This story concerns some little street Arabs, one of whom, the irrepressible Joe, finds himself literally appropriated by a lost girl three years old, just at night, at the Grand Central depot in New York City. The story tells how he and his comrades manage to keep "the princess" safe while Joe is being sought for. Not until after many remarkable adventures do they understand that the advertisement which has alarmed them means good instead of harm.
did not appear particularly surprised by the information.
"I thought that's 'bout the way it would turn out, when I heard you hired Sim to help you. He's got the business, an' you've got the shake."
"Sim was square with me," Joe replied, stoutly.
"Well, I'm glad you think so, for you're the only one he ever acted square with, an' it wouldn't astonish me a bit to know he'd done you up."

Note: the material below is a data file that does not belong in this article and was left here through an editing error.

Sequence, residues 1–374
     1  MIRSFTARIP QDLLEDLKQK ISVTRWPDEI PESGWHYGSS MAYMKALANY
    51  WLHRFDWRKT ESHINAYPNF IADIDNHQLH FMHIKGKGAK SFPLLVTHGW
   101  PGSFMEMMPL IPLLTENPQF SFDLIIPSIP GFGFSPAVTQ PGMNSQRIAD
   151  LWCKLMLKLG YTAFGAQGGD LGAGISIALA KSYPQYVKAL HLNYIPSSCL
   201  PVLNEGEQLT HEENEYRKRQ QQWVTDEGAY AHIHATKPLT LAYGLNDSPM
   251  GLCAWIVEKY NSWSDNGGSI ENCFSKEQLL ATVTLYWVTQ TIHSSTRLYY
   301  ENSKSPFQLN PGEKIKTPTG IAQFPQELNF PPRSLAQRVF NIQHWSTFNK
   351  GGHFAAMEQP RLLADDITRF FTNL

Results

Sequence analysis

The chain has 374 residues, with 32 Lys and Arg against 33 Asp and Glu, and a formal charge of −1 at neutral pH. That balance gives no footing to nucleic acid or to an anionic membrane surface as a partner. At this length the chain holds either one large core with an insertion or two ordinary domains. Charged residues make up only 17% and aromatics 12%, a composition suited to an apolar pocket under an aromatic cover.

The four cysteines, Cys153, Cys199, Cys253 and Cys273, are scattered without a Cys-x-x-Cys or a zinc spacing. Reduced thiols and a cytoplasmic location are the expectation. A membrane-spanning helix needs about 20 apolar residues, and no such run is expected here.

Joe was a boy who would not willingly listen to evil words against one he called a friend, and was about to begin a wordy war in Sim's behalf, when his friend's employer put an end to the conversation by demanding that the clerk "get in and attend to business."
"I won't believe Sim ever did a thing crooked to me," Joe said, recrossing the street and taking up his station where he could have a full view of those who came from the building. "He saved his money while I was losin' mine, an' that's all there is to it. It seems like as if everybody wanted to jump on him 'cause he had sense enough to